“Because the Constitution permits such a tax, it is not our role to forbid it, or to pass upon its wisdom or fairness,” Roberts wrote.
Had Obama been forthright that his radical remake of U.S. health care was based on a massive new punitive tax it would never have passed. It barely passed even as it was, and now is hugely unpopular with much of the population. Pelosi notoriously said at the time that Congress would have to pass the law in order for members and the public “to know what’s in it.” And now that the public has had 829 days (as of Thursday) to get to know it, it’s fair to say that for most Americans, to know Obamacare is not to love it.
The court having certified that Congress can mandate Americans buy a certain product (health insurance), it shouldn’t be long before Congress starts adding to the list of such items.
The four conservative dissenters on the court (Scalia, Thomas, Kennedy and Alito) predicted the new law will mean higher costs for insurance companies and higher premiums for consumers, and “could threaten the survival of health-insurance companies, despite the Act’s goal of ‘effective health insurance markets.’”
“In our view, the act before us is invalid in its entirety,” Kennedy wrote.
Added their dissent, in a slam at the majority’s flawed reasoning: “One would expect this Court to demand more than fly-by-night briefing and arguments” before reaching such a momentous decision.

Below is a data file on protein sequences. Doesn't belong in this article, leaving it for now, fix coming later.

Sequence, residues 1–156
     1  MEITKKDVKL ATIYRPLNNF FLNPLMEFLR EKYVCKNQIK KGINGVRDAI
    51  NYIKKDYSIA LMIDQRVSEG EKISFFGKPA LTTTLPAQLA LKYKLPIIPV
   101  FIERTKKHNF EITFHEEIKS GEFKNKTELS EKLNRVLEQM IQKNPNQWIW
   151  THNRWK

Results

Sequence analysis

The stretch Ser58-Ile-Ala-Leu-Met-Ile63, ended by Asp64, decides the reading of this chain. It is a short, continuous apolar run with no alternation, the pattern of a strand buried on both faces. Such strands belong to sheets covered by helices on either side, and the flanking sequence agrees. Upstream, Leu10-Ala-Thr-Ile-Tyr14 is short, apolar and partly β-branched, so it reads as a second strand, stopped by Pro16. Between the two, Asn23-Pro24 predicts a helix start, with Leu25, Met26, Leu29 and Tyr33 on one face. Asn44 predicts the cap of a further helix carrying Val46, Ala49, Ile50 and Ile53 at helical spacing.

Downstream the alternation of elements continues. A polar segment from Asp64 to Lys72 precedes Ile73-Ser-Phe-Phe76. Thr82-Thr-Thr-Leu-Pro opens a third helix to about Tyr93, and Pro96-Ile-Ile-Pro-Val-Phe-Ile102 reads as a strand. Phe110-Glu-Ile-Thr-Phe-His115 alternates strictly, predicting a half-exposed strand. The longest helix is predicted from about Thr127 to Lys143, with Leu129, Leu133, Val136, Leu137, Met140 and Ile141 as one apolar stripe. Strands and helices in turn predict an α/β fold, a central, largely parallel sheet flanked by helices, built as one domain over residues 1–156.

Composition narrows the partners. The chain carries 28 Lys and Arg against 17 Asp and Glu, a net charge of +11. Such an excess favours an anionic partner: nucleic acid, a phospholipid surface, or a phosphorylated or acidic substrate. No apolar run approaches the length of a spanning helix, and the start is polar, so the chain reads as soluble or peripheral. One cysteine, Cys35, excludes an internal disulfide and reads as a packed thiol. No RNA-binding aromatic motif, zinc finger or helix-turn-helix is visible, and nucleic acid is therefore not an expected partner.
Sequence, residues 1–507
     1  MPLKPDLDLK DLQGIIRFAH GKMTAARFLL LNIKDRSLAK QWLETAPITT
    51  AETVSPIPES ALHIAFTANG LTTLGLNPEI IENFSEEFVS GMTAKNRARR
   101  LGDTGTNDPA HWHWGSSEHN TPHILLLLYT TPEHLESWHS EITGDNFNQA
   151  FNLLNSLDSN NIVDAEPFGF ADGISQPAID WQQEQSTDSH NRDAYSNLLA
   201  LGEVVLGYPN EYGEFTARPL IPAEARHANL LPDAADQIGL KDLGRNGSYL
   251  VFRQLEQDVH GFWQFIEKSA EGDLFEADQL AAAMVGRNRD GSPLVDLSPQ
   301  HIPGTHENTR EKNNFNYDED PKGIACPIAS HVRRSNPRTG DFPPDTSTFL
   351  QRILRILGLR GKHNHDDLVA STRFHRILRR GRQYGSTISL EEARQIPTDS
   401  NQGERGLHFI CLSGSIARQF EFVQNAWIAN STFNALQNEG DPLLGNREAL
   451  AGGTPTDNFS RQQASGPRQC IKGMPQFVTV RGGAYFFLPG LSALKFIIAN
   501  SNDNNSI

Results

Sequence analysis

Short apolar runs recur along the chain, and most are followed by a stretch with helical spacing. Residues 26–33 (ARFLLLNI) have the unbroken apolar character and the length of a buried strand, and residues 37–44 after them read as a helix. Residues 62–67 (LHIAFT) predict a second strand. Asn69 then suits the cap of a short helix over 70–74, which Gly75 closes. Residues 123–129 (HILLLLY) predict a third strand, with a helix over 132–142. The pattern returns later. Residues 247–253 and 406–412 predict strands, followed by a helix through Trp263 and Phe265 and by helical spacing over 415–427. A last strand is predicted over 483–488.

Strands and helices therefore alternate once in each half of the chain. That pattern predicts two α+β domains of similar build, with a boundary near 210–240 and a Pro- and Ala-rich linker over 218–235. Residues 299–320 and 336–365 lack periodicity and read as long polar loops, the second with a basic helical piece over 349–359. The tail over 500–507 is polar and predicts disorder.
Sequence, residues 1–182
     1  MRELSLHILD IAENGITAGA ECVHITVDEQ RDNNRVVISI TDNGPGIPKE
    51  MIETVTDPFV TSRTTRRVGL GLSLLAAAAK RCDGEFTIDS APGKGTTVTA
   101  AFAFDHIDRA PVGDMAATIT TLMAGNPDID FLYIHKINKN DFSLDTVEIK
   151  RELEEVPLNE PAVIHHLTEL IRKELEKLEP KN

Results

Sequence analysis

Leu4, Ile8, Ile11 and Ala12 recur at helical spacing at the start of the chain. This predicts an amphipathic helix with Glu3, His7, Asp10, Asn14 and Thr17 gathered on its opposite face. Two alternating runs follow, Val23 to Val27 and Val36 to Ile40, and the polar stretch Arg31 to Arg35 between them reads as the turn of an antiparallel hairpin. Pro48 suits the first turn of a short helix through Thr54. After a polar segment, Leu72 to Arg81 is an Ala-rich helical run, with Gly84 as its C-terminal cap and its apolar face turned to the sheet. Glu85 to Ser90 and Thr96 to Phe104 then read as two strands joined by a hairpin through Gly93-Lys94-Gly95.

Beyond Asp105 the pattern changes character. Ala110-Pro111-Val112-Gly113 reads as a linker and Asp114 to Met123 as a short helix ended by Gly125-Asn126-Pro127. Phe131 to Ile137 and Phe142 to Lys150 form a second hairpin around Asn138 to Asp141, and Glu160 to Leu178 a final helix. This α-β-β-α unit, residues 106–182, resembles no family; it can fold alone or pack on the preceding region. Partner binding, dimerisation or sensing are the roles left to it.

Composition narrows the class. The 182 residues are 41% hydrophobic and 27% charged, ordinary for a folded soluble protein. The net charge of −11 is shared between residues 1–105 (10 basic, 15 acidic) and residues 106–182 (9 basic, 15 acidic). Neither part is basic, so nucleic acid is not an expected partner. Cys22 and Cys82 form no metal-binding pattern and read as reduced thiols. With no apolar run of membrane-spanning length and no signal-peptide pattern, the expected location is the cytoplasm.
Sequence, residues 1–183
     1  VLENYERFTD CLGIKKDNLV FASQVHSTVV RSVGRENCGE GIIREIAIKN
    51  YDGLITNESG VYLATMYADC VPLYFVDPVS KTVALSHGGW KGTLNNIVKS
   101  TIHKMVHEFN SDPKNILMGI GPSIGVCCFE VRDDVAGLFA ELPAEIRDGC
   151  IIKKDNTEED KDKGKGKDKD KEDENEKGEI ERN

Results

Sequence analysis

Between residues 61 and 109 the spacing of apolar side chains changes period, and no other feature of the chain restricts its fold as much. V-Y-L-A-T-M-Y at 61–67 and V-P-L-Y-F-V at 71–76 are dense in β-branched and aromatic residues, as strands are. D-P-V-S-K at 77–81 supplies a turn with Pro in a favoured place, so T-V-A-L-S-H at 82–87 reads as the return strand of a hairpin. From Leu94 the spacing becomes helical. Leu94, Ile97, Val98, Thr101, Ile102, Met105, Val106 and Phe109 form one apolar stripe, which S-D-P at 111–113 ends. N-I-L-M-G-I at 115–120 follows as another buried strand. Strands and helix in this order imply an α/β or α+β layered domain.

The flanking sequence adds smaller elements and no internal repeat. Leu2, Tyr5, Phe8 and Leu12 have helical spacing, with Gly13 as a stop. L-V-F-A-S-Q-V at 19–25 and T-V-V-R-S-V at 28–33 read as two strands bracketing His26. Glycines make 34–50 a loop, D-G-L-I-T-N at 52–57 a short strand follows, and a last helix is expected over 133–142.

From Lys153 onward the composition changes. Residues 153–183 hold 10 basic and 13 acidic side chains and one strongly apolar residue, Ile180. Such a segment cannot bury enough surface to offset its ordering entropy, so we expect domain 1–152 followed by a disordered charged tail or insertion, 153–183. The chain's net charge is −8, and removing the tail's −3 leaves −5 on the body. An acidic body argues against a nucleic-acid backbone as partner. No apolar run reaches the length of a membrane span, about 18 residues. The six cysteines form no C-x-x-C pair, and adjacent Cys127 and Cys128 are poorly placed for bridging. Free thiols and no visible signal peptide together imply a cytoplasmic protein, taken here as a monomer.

And momentous is it. The new law is expected to make it so expensive for employers that many choose to stop offering health care benefits to employees, shunting them into the government’s arms. So much for Obama’s promise that if you like your present health plan, you can keep it.
It also contains a punitive new tax on every medical device manufactured or sold in this country, with the exceptions of eyeglasses, contact lenses and hearing aids. If your dad needs to buy a walker, or your diabetic teen needs an insulin pump, or you need a pacemaker, the cost will be higher, thanks to Obama. And providers will be taxed more for everything from tongue depressors to X-ray machines.
It’s a law that throws the notion of limited government on its ear, undermines the strength and independence of our health-care system and will be ruinously expensive. And it’s a law that opens the door to government rationing of health care, although you won’t find the “R-word” in there anywhere.
And though there are a few aspects of the law that should be incorporated in its Republican successor, such as the refusal to allow insurance companies to deny coverage to children with health problems, the refusal to let insurance companies put lifetime caps on insurance payouts, and the refusal to let insurers deny coverage to those with pre-existing conditions; most Americans would be better off had the Court ruled the other way.
Republican presidential candidate Mitt Romney and congressional Republicans vowed Thursday to fight for Obamacare’s overturn, and we would urge them to do so.
Most Democrats were in full-fledged celebratory mood after the ruling, but it came as a clunker to many others. Indeed, the more people have learned about what Obamacare may mean for them and how much it will cost, the less popular it has become.
Mr. Obama now has his health care law, and he will have to live with it. Unfortunately, so will the rest of us — at least for now.